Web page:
REFLECTIONS.—Jacob had a blessed night's rest: he probably wished rather still thus to sleep than to awake. Observe,

1. How he was affected when he awoke. Struck with surprize and reverential awe, he cries, How dreadful is this place! God was there, and he knew it not. Note; (1.) God is nearer us than we are always aware. (2.) His comfortable presence is the joy of heaven: we are at the gate, when in his ordinances he manifests himself to us, as he doth not to the world. (3.) Whenever we are conscious of his nearness, it will ever humble us in the dust under the view of our own vileness.

2. What he did to preserve the memory of such a visit. He set up his pillow for a pillar, and pouring out his oil upon it, called it by a new name, Beth-el, the house of God. Note; The time and place where God first appeared to us in mercy deserve a perpetual memorial.

3. His vow thereupon. If God bring him back in peace, and during his exile supply him with food and raiment, (he asks no more,) then, (1.) The Lord shall be his God. (2.) Whatever God bestows on him, the tenth shall be dedicated to him. Note; [1.] To bind our souls to God by solemn engagements is a grateful return we owe to his love. [2.] We should learn with Jacob to be content with food and raiment. [3.] To have the Lord for our God is not more our duty than our privilege.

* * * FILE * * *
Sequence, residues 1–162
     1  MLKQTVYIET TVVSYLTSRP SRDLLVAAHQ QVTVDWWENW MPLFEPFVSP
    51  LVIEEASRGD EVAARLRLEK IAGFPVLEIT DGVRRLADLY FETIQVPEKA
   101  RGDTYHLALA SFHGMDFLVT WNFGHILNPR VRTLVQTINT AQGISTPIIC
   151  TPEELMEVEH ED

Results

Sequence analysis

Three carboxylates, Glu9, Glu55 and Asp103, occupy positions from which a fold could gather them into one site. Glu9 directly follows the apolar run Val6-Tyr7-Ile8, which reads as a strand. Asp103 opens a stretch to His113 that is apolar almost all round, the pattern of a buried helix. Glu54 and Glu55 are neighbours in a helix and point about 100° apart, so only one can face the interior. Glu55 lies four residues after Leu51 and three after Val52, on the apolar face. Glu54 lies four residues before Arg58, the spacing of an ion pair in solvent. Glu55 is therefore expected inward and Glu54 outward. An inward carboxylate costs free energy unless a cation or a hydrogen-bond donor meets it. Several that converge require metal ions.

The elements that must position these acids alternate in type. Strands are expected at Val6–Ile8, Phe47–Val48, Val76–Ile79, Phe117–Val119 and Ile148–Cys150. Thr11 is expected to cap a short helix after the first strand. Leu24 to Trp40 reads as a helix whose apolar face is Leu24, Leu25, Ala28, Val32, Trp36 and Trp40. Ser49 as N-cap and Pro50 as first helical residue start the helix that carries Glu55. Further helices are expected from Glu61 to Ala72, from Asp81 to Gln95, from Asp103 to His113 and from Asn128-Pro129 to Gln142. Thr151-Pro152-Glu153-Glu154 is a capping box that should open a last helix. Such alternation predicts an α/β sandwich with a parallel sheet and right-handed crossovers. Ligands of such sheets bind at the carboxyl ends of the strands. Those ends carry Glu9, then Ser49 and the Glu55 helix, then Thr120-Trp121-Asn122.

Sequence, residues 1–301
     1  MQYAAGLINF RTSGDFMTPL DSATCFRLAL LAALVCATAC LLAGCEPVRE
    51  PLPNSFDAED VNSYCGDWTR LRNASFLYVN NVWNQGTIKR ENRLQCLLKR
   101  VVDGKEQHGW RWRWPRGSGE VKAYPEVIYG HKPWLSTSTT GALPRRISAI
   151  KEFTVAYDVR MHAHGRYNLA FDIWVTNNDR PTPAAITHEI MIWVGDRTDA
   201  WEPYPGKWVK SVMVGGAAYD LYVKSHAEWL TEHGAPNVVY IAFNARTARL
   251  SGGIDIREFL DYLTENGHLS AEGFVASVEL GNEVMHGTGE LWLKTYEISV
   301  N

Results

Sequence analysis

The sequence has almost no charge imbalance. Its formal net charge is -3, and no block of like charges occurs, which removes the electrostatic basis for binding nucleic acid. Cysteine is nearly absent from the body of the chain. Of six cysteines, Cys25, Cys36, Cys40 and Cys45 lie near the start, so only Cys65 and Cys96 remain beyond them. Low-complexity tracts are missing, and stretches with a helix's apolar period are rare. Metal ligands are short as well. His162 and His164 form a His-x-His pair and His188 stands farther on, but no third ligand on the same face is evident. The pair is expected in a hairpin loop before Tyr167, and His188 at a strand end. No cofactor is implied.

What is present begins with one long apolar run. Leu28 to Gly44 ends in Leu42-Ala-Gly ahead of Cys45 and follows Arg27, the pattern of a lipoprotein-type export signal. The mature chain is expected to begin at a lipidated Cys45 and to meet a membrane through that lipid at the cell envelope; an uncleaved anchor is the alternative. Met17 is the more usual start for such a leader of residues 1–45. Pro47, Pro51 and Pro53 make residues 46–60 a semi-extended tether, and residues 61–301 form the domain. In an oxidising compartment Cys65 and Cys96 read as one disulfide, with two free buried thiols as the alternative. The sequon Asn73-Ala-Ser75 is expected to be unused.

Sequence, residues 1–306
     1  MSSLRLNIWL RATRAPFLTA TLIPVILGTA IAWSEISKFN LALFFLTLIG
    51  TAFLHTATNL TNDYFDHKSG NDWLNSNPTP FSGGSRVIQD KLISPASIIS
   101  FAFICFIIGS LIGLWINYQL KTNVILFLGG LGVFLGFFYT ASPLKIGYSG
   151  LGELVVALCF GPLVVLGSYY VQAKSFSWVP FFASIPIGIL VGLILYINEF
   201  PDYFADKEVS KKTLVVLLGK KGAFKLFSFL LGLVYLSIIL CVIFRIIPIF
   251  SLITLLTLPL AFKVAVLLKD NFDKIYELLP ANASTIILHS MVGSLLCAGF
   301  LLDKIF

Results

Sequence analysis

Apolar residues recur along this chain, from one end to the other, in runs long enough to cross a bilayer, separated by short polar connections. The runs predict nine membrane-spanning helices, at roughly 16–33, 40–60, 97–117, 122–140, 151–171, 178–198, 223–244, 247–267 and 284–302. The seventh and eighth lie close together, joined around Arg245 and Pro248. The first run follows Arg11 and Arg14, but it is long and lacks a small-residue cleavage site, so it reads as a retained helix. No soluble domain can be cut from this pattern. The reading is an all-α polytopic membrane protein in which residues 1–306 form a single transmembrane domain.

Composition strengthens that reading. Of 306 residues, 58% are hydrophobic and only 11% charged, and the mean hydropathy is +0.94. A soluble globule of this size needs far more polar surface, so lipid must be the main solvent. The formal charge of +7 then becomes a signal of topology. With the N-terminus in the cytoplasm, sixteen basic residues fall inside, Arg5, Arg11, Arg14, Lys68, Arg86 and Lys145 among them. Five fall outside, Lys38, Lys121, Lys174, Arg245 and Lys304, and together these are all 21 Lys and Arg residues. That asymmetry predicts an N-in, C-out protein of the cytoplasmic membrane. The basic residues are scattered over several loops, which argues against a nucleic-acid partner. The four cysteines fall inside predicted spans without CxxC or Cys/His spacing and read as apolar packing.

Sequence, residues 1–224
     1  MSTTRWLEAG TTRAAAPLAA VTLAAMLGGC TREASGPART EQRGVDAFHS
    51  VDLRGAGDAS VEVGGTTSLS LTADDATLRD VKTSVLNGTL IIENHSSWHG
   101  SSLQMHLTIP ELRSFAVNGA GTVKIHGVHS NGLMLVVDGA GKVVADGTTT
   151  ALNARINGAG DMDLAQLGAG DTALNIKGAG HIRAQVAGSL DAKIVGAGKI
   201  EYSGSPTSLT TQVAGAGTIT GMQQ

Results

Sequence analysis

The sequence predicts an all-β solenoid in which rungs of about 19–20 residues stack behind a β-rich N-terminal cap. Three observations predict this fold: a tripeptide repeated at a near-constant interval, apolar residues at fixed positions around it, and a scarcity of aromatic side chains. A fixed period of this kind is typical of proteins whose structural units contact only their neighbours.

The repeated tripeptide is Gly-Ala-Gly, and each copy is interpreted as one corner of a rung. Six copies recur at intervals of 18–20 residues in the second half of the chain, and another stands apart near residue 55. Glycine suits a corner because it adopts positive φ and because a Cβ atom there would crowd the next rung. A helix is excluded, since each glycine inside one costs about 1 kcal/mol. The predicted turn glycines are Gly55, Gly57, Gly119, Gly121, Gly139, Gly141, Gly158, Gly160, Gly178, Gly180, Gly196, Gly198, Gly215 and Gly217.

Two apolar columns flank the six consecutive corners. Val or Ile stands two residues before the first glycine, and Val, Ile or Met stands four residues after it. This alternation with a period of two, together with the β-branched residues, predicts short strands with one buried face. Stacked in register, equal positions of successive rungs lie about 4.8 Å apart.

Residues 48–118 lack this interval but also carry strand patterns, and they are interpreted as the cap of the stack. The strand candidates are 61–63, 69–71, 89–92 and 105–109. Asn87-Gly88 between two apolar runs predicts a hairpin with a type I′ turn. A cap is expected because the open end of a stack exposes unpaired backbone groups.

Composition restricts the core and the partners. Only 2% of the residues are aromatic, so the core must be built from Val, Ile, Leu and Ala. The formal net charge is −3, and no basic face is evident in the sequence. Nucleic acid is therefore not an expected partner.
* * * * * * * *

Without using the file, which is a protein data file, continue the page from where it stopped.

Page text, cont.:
[4.] We must make conscience in dedicating part of our worldly goods to the use of the poor, and the service of God's cause, according to our ability.
We may observe on this whole chapter, that the regard which the Lord paid to Jacob shews, that HE is present with his children wherever they are, and that he employs his angels for their security and defence. While from Jacob we may observe, that a believer is never alone; he finds his God every where, in the silence of the night, in the hurry of travelling, in the noise of the most busy towns, in the solitude of the most frightful desarts. And from Jacob we may learn, to moderate our desires, and to devote to God part of our substance, in a peculiar sense, as a proof of our piety and gratitude.

Reflections on Jacob's vision as typical of the mediatorial office of the Messiah.